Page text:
Tutor Quest

As our Questor goes in search of knowledge, our teacher learns a great new teaching technique from the AVID Summer Institute!

I’m in Philadelphia today at the AVID Summer Institute.

First, let me say that I have drunk the Kool Aid. I love AVID. Earlier this summer, I read a new history about the program that, while not much in the way of new information for me, was a wonderful reminder about all of the things I love about AVID. If AVID is new for you, follow this link for the book and this link for the national website.

I’ve done the basic AVID 101 workshop last fall and wrote about it here. This summer, I wanted to work on the tutoring aspect of my AVID elective class. To be frank, it is the worst part of my program. While the seniors I teach are well-enough versed in the AVID tutoring framework to make it more than just a study hall, it really isn’t much more than a study hall.

As I’ve written before, one of the things I love best about AVID trainings is that the professional developers use AVID processes to teach teachers about AVID concepts and practices.

This is the focus of today’s post. I want to share with you a very fun activity that I’m going to use with my kids this fall. Its called Word-Image Splash and because it uses pictures and graphics to represent complex topics, I’m going to give a special shout out to my partner and colleague, Wendi Pillars. This is right up her ally. Also, if you want a lot more information about how you can include graphic images in your lessons and why it’s such a good idea, check out her book. It’s not coming out until November, but I’ve pre-ordered mine!

Ok, welcome back from that commercial break! Let’s get back to Word-Image Splash.

For my workshop session today, our job was three-fold:

  • Read the 10 Steps to an AVID Tutoring session and summarize each step in one or two words,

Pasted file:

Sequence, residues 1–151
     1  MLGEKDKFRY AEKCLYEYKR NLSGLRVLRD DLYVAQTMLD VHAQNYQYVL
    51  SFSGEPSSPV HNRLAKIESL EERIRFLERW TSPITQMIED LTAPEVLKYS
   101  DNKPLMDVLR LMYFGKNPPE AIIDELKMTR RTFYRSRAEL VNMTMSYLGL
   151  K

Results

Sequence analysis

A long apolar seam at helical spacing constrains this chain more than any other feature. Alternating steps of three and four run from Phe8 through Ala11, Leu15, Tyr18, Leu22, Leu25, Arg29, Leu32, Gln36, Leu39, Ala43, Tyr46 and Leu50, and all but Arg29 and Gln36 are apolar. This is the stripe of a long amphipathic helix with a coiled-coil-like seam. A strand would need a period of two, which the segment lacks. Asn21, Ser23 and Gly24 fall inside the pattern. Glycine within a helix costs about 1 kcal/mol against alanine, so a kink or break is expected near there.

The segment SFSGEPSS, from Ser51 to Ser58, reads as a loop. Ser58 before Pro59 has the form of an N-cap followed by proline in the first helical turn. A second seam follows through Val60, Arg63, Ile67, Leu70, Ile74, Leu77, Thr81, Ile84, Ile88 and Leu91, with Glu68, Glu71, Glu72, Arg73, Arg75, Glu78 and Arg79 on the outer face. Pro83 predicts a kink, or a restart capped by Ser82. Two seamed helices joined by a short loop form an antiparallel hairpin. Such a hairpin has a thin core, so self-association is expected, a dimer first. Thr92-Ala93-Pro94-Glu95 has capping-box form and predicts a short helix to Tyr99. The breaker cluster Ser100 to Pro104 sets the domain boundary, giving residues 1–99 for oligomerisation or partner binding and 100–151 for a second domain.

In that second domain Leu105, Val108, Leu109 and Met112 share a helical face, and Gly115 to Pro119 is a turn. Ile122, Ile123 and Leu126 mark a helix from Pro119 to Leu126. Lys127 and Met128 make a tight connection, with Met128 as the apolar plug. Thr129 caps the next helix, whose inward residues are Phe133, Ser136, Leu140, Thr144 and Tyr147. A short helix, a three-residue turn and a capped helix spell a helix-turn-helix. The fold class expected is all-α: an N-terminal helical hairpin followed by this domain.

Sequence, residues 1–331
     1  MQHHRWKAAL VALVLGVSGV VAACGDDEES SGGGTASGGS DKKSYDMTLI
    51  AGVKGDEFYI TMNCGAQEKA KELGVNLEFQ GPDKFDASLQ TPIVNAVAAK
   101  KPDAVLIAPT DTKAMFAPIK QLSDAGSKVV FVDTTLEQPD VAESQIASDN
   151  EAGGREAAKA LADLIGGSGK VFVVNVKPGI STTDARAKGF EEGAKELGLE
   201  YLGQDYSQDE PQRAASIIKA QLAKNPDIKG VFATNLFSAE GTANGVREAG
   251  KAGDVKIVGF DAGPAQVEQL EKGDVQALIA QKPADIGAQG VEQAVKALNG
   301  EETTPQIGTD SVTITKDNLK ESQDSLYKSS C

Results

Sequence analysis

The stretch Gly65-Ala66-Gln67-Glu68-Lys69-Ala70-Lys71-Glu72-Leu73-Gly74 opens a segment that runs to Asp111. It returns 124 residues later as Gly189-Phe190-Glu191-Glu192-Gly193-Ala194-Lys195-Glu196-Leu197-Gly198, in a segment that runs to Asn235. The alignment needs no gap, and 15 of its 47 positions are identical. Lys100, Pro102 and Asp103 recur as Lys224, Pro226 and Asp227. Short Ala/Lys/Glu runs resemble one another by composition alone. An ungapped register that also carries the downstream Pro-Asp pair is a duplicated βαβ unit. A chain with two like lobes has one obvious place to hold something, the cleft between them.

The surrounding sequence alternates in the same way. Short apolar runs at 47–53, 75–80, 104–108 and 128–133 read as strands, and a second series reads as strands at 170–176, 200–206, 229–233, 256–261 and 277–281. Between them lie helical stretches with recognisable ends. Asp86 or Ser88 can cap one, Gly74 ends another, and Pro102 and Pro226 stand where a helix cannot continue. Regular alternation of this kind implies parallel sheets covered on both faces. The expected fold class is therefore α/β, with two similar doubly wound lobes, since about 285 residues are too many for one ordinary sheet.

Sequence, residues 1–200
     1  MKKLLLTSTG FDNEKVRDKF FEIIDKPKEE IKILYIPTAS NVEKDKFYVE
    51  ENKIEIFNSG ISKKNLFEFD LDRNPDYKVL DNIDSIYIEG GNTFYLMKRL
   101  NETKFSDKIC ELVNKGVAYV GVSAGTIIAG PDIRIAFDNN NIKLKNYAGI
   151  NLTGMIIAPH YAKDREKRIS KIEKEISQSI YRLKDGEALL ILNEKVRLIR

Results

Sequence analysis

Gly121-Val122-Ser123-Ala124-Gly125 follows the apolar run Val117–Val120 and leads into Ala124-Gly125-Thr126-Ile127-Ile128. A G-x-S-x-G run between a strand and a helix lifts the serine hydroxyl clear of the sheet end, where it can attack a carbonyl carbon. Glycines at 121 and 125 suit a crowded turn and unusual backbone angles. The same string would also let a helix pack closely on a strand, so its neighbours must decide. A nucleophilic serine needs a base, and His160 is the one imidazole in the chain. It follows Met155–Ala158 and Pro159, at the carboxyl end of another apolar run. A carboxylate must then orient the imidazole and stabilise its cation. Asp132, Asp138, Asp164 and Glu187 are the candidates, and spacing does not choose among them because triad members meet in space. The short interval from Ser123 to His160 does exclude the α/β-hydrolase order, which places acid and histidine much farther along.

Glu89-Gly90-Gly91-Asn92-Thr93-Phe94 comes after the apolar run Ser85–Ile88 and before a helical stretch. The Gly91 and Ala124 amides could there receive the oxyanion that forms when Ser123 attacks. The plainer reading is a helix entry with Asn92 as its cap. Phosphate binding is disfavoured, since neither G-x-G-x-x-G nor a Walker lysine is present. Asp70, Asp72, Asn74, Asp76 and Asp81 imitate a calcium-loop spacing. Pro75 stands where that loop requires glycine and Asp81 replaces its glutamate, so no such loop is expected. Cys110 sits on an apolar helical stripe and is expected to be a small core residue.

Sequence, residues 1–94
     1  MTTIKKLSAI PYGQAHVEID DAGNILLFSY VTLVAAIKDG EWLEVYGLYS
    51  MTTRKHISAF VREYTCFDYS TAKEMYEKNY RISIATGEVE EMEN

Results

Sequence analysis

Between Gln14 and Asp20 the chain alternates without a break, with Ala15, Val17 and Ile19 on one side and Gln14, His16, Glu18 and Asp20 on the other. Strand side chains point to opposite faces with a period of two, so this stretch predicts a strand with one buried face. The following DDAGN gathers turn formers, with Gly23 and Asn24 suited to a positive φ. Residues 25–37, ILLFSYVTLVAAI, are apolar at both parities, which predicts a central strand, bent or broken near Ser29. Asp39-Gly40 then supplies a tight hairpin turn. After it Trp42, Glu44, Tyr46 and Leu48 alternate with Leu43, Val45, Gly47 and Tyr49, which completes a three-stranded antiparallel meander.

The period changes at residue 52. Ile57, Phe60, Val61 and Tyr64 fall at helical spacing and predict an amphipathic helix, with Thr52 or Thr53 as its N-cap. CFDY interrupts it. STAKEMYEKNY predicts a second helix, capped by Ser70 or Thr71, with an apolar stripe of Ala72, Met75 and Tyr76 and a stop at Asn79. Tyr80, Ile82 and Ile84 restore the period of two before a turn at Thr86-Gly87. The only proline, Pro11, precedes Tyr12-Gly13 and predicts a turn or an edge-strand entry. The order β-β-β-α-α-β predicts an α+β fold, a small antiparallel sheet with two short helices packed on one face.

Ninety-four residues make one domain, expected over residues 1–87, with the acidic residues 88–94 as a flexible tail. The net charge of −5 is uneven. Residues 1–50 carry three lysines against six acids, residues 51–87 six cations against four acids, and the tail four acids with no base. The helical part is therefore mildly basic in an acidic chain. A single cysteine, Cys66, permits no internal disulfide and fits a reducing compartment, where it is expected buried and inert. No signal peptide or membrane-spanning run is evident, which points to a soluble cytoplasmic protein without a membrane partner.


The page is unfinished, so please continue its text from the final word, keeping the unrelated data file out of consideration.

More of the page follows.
• As a team, decide on a theme for the images that will accompany these words on our poster, and
  • Draw the images and write a five-sentence summary for the poster.

Here are the 10 Steps with the one or two word summations I came up with. The single or double words are mine, the actual description I’m copying and shortening from AVID.

  1. Notes: In their academic classes, students take Cornell notes guided by the Essential Question on the material presented in lectures, textbook readings, videos, handouts, etc. After class, students review their notes, create questions in the column on the left and write a summary at the bottom of the page responding to the Essential Question.
  2. TRF: While completing homework/studying for tests/reviewing Cornell notes the night before a tutorial, students identify a point of confusion. Using the Tutorial Request Form (TRF), students complete the pre-work leading to the point of confusion.
  3. Resources: As students enter the room, the teacher/tutor checks the TRF pre-work and resources.
  4. Organization: Teacher/ttro places the students in tutorial groups of 7 or fewer, meeting the 7:1 student/tutor ratio… members sit in a semi-circle to facilitate communication/collaboration among all studnets, facing a board on which the student presenter can record his/her pre-work and point of confucion.
  5. Inquiry: Group members ask questions using the Levels of Thinking to probe deeper into possible approaches to solving the point of confusion… Group members are not responsible for finding the answer to the student presenter’s question; their primary goal is to prompt the thinking and guide the student presenter, using critical thinking.